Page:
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Living to fulfill my dream

Sunday, April 7, 2013 8:51
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Students Rising Above was key to my success

by Tyré Ellison

My life seems like a dream come true.

Tyre Ellison

Tyré Ellison

Growing up in San Francisco’s Sunnydale public housing as a young Black man, I often wondered whether I would live to see the age of 21. When I was 15 years old, my cousin was murdered two days after his 19th birthday. In addition, a number of my friends were gunned down before the ages of 21. Many others went to jail.

This is the type of environment I grew up in which is similar to many other young Black men around this country. Many grow up in poverty and struggle to survive. Many often fall victim to the cycles of poverty, lack of education, unemployment, being incarcerated, being involved in gangs, being raised by single parents, lacking positive male influences and leaders, lacking confidence and self-identity that can extinguish the light of hope.

Imagine being in a situation where you were running for your life dodging bullets from an unknown car passing by near your home. Imagine hearing gunshots and sirens every other night. Imagine seeing people who abused drugs sit in the park where you were supposed to play.

At times, I often believed what I saw around me. I thought I had no future because everyone I knew around me was being taken away from me. My friends were taken to jail. My friends were being killed.

I don’t know too many people from my community who have gone off to college and received a degree. Not only went out into the world to make something positive for themselves, but also came back to the community to give back and help others climb up out of the depths of despair to a brighter future of success to better themselves and their families.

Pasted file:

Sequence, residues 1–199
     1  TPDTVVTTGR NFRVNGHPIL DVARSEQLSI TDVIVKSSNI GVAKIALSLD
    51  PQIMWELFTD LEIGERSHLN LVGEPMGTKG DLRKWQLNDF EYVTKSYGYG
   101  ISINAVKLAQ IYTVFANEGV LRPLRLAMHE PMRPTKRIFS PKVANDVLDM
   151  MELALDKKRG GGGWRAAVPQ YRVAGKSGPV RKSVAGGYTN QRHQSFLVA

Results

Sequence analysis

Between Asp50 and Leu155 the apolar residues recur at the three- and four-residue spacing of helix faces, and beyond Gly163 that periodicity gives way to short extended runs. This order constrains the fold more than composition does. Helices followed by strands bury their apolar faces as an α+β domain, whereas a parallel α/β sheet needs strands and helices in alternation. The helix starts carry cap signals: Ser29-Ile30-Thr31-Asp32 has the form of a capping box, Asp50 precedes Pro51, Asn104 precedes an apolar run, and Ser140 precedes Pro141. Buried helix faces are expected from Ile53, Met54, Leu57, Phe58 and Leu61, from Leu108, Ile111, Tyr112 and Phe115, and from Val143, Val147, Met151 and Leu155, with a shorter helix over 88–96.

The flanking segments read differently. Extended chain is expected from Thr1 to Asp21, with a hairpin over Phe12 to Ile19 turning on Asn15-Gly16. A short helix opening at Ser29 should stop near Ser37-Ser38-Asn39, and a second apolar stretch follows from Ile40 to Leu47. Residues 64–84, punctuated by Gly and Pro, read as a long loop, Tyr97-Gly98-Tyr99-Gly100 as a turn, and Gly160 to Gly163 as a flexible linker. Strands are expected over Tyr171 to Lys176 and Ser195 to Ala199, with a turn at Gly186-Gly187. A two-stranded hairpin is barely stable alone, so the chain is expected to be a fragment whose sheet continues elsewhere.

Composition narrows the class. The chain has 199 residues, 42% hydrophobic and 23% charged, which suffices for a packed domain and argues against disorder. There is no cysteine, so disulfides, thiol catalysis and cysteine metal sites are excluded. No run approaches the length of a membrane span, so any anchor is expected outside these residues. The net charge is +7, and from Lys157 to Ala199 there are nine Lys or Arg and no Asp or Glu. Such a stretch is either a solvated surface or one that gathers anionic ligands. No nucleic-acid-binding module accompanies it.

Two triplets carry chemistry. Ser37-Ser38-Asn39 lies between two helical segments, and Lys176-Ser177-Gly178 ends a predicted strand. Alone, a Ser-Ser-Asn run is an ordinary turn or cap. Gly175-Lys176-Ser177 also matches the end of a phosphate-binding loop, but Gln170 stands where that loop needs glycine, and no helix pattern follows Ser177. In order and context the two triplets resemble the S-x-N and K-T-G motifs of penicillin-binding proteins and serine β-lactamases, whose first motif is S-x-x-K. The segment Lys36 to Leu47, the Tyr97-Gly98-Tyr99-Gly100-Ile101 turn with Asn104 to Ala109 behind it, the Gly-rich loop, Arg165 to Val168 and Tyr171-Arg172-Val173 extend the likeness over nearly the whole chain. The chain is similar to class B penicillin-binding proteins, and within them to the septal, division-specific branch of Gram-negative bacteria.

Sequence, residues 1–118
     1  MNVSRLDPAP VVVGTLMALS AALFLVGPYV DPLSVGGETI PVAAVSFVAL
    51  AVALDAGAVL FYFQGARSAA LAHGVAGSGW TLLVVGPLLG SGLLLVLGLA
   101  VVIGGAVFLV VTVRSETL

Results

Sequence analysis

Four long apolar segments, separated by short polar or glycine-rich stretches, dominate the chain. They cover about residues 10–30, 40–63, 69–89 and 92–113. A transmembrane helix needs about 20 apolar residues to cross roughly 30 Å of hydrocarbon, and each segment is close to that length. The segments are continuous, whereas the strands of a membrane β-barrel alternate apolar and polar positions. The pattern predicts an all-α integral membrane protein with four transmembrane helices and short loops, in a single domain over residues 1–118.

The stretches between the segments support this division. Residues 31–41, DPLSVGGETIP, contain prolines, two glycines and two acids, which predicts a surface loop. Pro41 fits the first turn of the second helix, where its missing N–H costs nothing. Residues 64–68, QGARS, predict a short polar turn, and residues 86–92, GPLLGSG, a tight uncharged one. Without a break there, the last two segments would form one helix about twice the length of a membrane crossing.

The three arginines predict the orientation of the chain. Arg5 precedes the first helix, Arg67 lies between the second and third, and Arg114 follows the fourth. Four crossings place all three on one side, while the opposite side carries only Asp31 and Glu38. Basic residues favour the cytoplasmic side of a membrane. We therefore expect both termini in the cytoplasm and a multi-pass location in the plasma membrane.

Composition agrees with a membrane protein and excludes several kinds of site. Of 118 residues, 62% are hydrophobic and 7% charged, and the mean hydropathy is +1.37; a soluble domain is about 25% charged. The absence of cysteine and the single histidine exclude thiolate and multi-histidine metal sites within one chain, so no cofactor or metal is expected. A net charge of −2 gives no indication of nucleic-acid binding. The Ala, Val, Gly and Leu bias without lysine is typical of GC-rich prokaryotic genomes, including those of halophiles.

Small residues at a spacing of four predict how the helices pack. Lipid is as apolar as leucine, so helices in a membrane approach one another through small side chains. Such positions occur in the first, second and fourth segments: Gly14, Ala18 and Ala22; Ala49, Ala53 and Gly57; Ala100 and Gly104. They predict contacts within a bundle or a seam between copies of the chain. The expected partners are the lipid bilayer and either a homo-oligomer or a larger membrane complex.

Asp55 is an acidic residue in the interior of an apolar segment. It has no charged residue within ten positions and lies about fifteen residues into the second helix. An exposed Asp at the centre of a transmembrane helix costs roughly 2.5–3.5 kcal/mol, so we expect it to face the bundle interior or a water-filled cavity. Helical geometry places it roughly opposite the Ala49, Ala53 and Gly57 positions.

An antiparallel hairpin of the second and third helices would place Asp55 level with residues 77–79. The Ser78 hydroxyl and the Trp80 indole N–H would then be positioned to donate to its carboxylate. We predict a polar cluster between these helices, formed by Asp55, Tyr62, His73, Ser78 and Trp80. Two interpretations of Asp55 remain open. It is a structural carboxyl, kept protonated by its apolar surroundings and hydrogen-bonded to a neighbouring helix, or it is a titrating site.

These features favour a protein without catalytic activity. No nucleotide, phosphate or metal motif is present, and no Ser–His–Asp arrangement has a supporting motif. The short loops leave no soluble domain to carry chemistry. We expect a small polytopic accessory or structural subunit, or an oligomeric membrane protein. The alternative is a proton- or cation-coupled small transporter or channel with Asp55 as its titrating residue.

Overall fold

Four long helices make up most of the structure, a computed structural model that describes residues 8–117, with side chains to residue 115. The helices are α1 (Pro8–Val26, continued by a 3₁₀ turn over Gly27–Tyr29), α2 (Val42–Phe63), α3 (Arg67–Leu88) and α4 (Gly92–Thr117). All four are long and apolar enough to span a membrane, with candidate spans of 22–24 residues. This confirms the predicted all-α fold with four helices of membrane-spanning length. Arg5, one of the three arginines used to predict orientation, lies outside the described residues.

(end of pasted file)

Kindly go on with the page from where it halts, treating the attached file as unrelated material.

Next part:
This is my life story. I am not perfect. I struggle just as much as anyone else. I fear failing in life. My experiences and desire to change have helped me persevere through my obstacles.

Today, my life couldn’t be more different. I am living my dream. I have a degree in social welfare from UC Berkeley. I played Division 1 footabll for the California Golden Bears as a defensive back and on special teams.

I have volunteered my time towards inspiring youth in my community. I received many awards such as the Frank Schlessinger Coaches Award for football at Cal, given to the player with athletic and academic abilities, who’s dedicated to community service.

I have a great church home at Restoration Bible Community Church in San Francisco. I have great support and love from family and friends and from my fraternity brothers. I want to someday further my education and go to graduate school and start a nonprofit that’s youth-centered helping inner city kids gain access to opportunities that will empower them. I want to help provide change.

I may feel like I’m living a dream, but I also understand that I cannot become too satisfied. There is much room for improvement and more goals that need to be reached. I have to continue to grow and develop so that I can be an effective leader for my community and family.

To the youth and those who are reading this article, I hope my story inspires you to dream big. Again, I am not perfect and am no different than you as a person. I have my challenges in life as well. I just encourage you to continue to have faith and continue to fight for what you believe is right for you.

I also want to encourage you to step out of your comfort zone and help others by pulling them up as you climb toward your successes. Never believe that life is impossible. Instead, take the word “impossible” and dissect it. The word “impossible” dissected says “I’m possible.”